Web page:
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The views expressed are those of the author and do not necessarily reflect the views of ASPA as an organization.
By Michael Faass
April 24, 2015
Recent events in North Charleston, South Carolina show how technology has helped bring about accountability in local law enforcement. Officer Michael Slager was charged with murder in the shooting death of Walter L. Scott. Cellphone video taken by a bystander clearly showed Slager’s actions did not corroborate the sequence of events as he had reported. But what if that bystander had not taken that cellphone video?
Another example is the case of Eric Garner of Staten Island, New York. Garner died due to a fatal and illegal choke hold place on him by Officer Daniel Pantaleo. Again, cellphone video was shot by an onlooker. The video appeared to show the illegal choke hold that ultimately led to Garner’s death.
The public’s trust in local law enforcement has been eroding. But what is causing this erosion? Cellphone video, streamed continuously via television and Internet, has captured scenes of police abuse of power. These images of abuse, coupled with the reluctance of grand juries to indict police officers for their actions, are major factors in the loss of trust in local law enforcement.
“It’s in human nature,” social psychology Professor Roy Baumeister, Case Western University, explained in his research that “… bad feedback [has] more impact than good ones. Bad impressions and bad stereotypes are quicker to form and more resistant to disconfirmation than good ones.”
Stanford University Communications Professor Clifford Nass adds, “The brain handles positive and negative information in different hemispheres. Negative emotions generally involve more thinking, and the information is processed more thoroughly than positive ones. Thus, we tend to ruminate more about unpleasant events—and use stronger words to describe them—than happy ones.”
If there is any question about this consider what is seen as the top news story on every major network every evening. How often can anyone recall something “good” being the lead headline or better yet something “good” done by the police?
Law enforcement jobs are difficult and dangerous. The police see the dregs of humanity on a daily basis. They see the worst in people and in the worst possible circumstances imaginable. While I don’t have solid evidence, I do believe that 99.44 percent of law enforcement do an incredible, mind numbing good job. However, it is the 0.56 percent that makes it tough on the rest of the dedicated law enforcement individuals throughout our country.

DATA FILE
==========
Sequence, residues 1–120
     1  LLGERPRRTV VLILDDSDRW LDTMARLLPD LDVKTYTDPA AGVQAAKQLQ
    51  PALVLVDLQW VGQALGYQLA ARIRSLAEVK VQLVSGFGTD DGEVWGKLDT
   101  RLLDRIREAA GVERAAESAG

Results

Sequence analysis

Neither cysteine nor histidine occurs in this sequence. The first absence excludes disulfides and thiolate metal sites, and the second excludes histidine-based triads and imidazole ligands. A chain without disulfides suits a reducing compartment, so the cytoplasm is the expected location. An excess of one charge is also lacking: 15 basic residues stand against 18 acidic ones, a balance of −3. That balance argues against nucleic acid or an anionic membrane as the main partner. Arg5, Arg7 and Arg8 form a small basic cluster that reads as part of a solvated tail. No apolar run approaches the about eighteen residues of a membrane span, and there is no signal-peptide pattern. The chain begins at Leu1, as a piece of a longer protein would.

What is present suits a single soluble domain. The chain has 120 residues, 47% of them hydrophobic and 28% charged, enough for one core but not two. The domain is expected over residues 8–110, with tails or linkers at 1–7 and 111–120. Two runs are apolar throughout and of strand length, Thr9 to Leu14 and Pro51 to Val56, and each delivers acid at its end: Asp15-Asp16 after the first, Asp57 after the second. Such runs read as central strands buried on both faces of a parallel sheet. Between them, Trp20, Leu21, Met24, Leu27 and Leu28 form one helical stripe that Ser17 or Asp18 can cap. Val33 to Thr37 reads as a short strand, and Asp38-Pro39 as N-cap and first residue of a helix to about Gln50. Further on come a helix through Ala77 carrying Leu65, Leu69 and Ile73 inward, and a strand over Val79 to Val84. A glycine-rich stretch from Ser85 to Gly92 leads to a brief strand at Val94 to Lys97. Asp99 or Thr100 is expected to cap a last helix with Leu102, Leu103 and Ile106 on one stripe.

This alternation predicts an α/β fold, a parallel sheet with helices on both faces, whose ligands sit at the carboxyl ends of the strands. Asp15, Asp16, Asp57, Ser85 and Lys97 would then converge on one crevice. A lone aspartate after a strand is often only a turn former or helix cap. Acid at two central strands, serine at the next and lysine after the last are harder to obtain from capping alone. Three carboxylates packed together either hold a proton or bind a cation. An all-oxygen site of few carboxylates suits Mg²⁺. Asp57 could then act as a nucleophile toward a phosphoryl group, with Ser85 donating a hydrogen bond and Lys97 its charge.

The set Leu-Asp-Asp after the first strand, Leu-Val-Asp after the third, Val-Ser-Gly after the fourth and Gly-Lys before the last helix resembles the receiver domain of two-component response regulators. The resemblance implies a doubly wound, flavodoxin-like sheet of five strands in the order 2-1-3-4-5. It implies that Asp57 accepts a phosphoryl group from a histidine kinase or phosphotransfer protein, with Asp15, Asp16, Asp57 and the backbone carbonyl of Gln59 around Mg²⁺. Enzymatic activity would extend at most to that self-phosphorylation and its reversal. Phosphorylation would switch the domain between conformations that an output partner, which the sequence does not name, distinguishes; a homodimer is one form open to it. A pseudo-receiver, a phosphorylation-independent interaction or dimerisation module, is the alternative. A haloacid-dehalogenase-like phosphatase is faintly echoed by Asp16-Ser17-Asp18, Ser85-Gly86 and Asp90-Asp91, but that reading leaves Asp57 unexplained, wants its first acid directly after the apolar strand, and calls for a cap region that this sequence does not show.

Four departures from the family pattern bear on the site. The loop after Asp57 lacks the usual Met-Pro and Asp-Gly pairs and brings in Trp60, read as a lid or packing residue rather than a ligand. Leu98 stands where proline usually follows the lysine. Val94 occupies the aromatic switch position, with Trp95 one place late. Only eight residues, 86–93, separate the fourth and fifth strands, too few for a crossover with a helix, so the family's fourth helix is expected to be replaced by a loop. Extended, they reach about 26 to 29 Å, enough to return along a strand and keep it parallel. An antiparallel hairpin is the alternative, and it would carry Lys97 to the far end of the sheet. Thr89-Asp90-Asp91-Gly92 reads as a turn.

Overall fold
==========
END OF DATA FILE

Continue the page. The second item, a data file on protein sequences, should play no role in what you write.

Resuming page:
Now questions, suggestions, recommendations, instructions and task forces on policing are being formed to figure out how to rectify this lack of confidence in local law enforcement and to establish accountability. On Dec. 1, 2014, the White House released a Fact Sheet on Strengthening Community Policing. It notes that the “President is taking a number of steps to strengthen community policing and fortify the trust that must exist between law enforcement officers and the communities they serve.” The steps include:
The community policing initiative includes a “proposed three-year $263 million investment package that will increase the use of body cameras, expand training…add more resources for police department reform.” However, body cameras are not a panacea as many in the general public, and the police departments, would like to believe. There are no studies that prove body cameras will actually prevent violence.
“The people who like body cameras always point to a study done in Rialto, California, in 2012. Researchers found that officers who wore cameras used force less often — incidents dropped by more than 50 percent,” as reported in All Tech Considered, by Martin Kaste. The article suggests there are unintended consequences to wearing body cameras such as family members seeing their police officer father, husband, wife, sister or brother shot a suspect and the video appearing on the news.
I believe police body cameras will help in the legal process, most of the time. While this is at least a start, it will take the public a long time to forget the deaths of Garner and Scott and the list of others who have died in similar incidents: Michael Brown from Ferguson, Missouri, Tony Robinson, Jr. of Madison, Wisconsin, Tamir Rice of Cleveland, Ohio and Dillon Taylor of Salt Lake City, Utah.
Author: Michael Faass, is the owner of R3 and a MPA graduate of the University of North Georgia.